Tuesday, December 3, 2019

Don’t Throw Away Your Writing

by PeggySue Wells @PeggySueWells

Peabody Award winner, Paul McCusker is a screenwriter (Beyond the Mask), scriptwriter, director of multiple award-winning audio dramatizations, Dove-nominated song writer, and author. If you’ve listened to Focus on the Family’s Adventures in Odyssey, now in its 30th year, you are familiar with a quarter of a century of Paul McCusker’s excellent and prolific writing. 

Looking back, the multi-published, multi-genre writer recalls career-impacting advice he received from his high school gym teacher. Here is the story.

I could probably point to all the various pieces of advice most would-be writers get. 
  • “Write what you know.”  
  • “Write what you don’t know.”  
  • “Read, read, read all the best writing you can.” 

And so on.

But my mind goes back to a spring day when I was in Junior High School. I was dressed for gym class and we were all walking out to the athletic field for exercises and probably a game of soccer. I was walking with Mr. Morbeto, one of our instructors, who had taken a keen interest in my love of books and writing. I casually mentioned to him that I’d found a story I had written the year before, and that I was so disgusted by my work that I threw the story away. 

He suddenly stopped in his tracks and turned to face me, pointing a finger at my chest. “Don’t you ever throw away your writing. I don’t care how bad you think it is now, you keep it. One day it may inspire you to do something better.” And he turned and walked on.

I took his advice—and have the files and filing cabinets to prove it. And he was right. Not only have old, discarded drafts inspired me to new ideas, but they’ve also inspired me as I’ve seen how far I’ve come—and how far I have to go. To this day, whenever I speak to an audience of young would-be writers, I tell them what a wise gym teacher once told me.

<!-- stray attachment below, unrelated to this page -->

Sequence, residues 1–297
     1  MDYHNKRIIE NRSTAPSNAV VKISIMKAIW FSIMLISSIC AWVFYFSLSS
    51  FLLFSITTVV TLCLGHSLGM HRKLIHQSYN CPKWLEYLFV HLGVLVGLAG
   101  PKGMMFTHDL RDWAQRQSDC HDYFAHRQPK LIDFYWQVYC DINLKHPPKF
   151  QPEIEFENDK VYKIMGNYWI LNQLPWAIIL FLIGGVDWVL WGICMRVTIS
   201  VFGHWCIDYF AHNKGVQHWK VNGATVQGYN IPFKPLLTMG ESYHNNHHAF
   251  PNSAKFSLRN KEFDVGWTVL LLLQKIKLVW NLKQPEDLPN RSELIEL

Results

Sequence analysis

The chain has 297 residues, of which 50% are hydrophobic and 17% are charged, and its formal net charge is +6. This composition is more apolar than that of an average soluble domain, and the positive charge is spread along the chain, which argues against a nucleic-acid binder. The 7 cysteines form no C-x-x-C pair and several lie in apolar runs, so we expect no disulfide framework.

Don't Throw Away Your Writing! Best #Writing Advice EVER from @PeggySueWells on @EdieMelson (Click to Tweet)

Tropical island votary and history buff, PeggySue Wells parasails, skydives, snorkels, scuba dives, and has taken (but not passed) pilot training. Writing from the 100-Acre wood in Indiana, Wells is the bestselling author of twenty-eight books including The Slave Across the Street, Slavery in the Land of the Free, Bonding With Your Child Through Boundaries, Homeless for the Holidays, and Chasing Sunrise. Optimistic dream-driver, PeggySue is named for the Buddy Holly song with the great drumbeat. At school author visits, she teaches students the secrets to writing, and speaks at events and conferences. Connect with her at www.PeggySueWells.com, on Facebook at PeggySue Wells, and Twitter @PeggySueWells. 


  1. If written from our heart, it all has great value. Sometimes that value is instantly derived. Other times, like a painting or automobile, it's value comes with time. Anyone with a '69 Chevelle or Cuda understands that. The idea may be great, but like the Edsel, our writing is often ahead of its time. Great lesson Ms. Peggy Sue. God's blessings ma'am.

  2. Excellent post and J.D. had some good thoughts to go with it.

  3. I am learning to keep all my stories and keep them for inspiration. :-)